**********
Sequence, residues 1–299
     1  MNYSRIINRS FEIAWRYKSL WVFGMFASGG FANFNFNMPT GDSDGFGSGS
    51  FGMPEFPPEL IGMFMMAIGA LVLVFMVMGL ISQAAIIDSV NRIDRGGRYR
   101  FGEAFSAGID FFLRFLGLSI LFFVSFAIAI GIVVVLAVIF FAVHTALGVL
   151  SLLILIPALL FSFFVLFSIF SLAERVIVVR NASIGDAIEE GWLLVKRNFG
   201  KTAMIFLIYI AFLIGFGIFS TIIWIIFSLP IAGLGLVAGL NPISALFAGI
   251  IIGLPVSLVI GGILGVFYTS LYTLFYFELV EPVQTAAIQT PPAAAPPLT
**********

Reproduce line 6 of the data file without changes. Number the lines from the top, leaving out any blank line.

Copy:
   201  KTAMIFLIYI AFLIGFGIFS TIIWIIFSLP IAGLGLVAGL NPISALFAGI